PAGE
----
Friday, March 26, 2004

Coocoo

Years ago I had a pet Cockatiel named Coocoo. She was a Cockatiel Noy and I had bought when we first moved to Huron, South Dakota in the summer of 1983. This story takes place a couple years later. It was in April of '85 and one of the first warm days of the year. I was at work when I got a phone call from Noy. She was panicked because she had set the bird cage out on the deck and the wind had knocked it over and Coocoo got out.

I raced home to find Coocoo still in the area, perched on a power line by our apartment. There was no way she was going to come back to me. The winds were blowing hard from the south and a cold front was bringing some very strong thunderstorms toward us. I remember seeing her fly from the power line and getting caught up in the winds which quickly took her out of site. I felt so helpless as I really loved that little bird. I couldn't stand the thought of losing her, especially with the violent weather which was approaching.

The weather got so bad that night and the winds so strong that the windshield on my car was cracked by a piece of gravel or something which hit it during the storm. I couldn't imagine how Coocoo could have survived it. I walked the neighborhood the next morning calling for her as she was very tame and I thought there might be a slim chance that she would come to me after what she had been through the night before. There was no sign of her.

A week went by and I decided to put a small add in the local paper which said, "Lost, pet grey Cockatiel" and I listed our phone number. Two more weeks went by and I had pretty much given up on ever seeing her again. Then one morning I got a phone call from a farmer 18 miles to the north who said he thought our bird might be staying around his farm and that I might want to come have a look. I had one question for him. I asked him if the bird hopped like a Robin or waddled like a duck when it walked. He said it would put one foot in front of the other sort of like a duck. I felt it was worth checking out after that answer and so I did.

I had the afternoon shift that day so I had to hurry. I got up there around 10:00am and I no sooner got out of my car when I saw Coocoo fly to a power line and perch herself above me. There was no question that she knew me but she wouldn't fly to me. I had no means of catching her so I decided I'd have to buy some sort of net and come back the next day to try and catch her. As we were talking with the farmer, his dog was hanging around. I remember the farmer saying to not let the dog get anywhere near the bird because it would not be good. I bought a fishing net on my way to work that day.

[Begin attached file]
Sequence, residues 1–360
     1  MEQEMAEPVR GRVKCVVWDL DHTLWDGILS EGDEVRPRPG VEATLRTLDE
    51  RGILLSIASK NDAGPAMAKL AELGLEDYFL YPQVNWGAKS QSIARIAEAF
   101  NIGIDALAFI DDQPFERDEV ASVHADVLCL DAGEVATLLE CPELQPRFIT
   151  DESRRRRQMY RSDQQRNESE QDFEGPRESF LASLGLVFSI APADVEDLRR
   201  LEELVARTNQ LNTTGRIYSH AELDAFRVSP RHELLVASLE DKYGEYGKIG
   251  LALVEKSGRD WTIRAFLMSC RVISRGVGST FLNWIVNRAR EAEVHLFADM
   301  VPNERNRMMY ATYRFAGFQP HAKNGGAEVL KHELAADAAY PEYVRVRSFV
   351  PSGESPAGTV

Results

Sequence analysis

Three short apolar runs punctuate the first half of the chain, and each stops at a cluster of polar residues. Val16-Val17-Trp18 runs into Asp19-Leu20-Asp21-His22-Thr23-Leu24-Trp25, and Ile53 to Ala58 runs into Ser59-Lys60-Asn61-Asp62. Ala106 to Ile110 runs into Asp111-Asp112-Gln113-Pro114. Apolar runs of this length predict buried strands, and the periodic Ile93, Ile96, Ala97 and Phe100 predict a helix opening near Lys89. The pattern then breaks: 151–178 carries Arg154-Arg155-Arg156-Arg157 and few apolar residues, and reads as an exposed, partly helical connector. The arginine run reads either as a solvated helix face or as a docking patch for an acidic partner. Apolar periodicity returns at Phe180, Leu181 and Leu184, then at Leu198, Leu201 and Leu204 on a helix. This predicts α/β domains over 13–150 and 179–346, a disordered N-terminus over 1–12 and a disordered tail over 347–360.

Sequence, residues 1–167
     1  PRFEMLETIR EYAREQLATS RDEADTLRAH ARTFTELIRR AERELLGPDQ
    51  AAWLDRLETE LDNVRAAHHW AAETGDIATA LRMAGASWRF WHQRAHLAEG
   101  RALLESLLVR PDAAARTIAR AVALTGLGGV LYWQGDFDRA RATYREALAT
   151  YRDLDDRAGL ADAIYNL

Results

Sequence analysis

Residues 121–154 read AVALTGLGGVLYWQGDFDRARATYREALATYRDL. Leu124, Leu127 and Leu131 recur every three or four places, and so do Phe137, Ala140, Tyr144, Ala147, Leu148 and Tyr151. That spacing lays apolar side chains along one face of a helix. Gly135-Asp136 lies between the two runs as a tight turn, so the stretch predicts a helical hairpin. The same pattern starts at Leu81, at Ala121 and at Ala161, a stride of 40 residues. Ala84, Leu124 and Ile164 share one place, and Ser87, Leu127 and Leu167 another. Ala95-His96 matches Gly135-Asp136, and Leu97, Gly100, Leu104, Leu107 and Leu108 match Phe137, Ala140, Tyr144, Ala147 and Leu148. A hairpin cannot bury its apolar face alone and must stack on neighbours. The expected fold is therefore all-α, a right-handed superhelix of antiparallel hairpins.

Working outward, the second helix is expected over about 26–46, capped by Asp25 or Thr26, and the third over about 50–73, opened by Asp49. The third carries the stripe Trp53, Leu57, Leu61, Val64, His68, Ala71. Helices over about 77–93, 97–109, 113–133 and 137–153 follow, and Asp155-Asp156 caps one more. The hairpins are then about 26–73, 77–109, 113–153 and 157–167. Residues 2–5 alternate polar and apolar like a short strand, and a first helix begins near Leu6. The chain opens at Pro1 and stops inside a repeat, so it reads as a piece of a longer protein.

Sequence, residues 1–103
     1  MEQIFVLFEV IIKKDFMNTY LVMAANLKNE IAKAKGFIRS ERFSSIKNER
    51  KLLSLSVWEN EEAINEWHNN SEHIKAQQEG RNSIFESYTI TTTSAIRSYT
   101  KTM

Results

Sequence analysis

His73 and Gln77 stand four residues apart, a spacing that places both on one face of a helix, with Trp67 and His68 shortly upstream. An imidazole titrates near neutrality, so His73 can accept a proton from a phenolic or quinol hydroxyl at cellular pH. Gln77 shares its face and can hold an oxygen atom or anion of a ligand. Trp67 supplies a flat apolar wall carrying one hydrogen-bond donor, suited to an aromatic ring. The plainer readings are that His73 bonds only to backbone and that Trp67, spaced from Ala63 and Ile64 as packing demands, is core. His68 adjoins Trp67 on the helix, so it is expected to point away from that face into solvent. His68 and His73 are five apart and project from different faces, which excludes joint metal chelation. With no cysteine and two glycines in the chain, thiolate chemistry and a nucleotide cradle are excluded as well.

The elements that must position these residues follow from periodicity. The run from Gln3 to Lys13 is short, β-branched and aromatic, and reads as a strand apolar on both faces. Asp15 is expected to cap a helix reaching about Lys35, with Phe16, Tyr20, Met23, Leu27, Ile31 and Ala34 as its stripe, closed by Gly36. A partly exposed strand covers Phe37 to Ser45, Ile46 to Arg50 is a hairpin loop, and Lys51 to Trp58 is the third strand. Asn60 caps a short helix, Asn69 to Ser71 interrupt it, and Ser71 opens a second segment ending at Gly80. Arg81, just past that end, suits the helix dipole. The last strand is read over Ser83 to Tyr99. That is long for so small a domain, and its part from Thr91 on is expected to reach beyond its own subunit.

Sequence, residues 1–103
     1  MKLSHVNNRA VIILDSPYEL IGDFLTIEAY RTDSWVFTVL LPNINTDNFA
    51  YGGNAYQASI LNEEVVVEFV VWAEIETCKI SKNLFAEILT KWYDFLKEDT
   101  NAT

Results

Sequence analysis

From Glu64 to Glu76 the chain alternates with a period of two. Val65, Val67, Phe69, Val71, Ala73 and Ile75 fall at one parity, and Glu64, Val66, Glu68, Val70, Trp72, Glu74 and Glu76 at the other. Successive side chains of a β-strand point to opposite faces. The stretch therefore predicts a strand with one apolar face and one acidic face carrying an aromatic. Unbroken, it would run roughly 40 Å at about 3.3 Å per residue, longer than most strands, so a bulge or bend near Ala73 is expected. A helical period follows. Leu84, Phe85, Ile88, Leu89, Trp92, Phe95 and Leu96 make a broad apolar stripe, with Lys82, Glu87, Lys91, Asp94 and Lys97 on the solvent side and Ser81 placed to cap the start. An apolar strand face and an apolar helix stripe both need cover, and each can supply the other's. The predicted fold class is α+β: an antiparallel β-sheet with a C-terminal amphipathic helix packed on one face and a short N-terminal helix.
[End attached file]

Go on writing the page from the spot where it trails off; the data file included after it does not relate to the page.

I got up early the next morning and arrived at the farm house as the sun was rising. I also brought along Coconut, our other Cockatiel and its cage to act as a lure for Coocoo. I remember getting out of my car with the fishing net in hand. I walked toward the barn and was curious that nobody was up and about; I always thought farmers got up with the sun. As I approached the barn I couldn't believe my eyes when I saw the dog come out from the barn with Coocoo on the ground walking by its side. I remember talking very softly and saying, "hey Coo...it's me...it's okay" She continued to walk slowly not so much toward me but just sort of keeping her distance. I was thinking I had only one chance to get her back and this was it. I very slowly began to extend the net toward her but well above her so as not to alarm her. All the while I'm talking very softly to her. I slowly let the net down closer to her and when I got within a couple feet of her I thought to myself, it's now or never. I quickly brought the net down on her and with my heart racing, I reached down and picked her up. I cupped her in my hands through the netting and in an instant I was devastated as she went limp in my hands. I knew that birds were susceptible to shock so I was pretty certain she would come around. I softly blew on her and talked to her and within a short time she sprang back to life and bit into my thumb. I remember thinking...it's okay girl...it's okay.

I got her to the car and Coconut was talking a mile a minute at the sight of her. I got her back into the cage and felt such a sense of relief to have her back. She was a bit tattered I could see but she seemed okay. I went to the house to see if anyone was awake and they were just getting up. I thanked them over and over and tried to give them $20 for all they did but they wouldn't take it. I asked to use their bathroom and on my way out I left the money on their kitchen table.

It wasn't until I got home that I realized that the dog was never a threat to Coocoo. In fact, I think she was getting warmth from the dog at night as the temperature was still getting down into the 20s at night and Cockatiels are a warmer climate bird. If you could have seen how both the dog and Coocoo walked out of the barn together you would understand why I believe this.

Coocoo lived another six years and died in October of '91. I was sitting in our kitchen when I heard a thump in the bottom of her cage. I walked over to see her on her back and struggling. I quickly picked her up and held her as she died in my hands. Wow, I've got tears in my eyes as I recall this. She was such a special bird and she too has a piece of my heart. I buried her in a box behind the garage and cried my eyes out as I did. I've got a photo of her somewhere and I need to post it on the net as she's earned her place. You can see her in the beginning of this video from my dad's video page.

Video of Coocoo

I have to thank God for the extra time Coocoo and I shared as his hands were all over our finding one another again.

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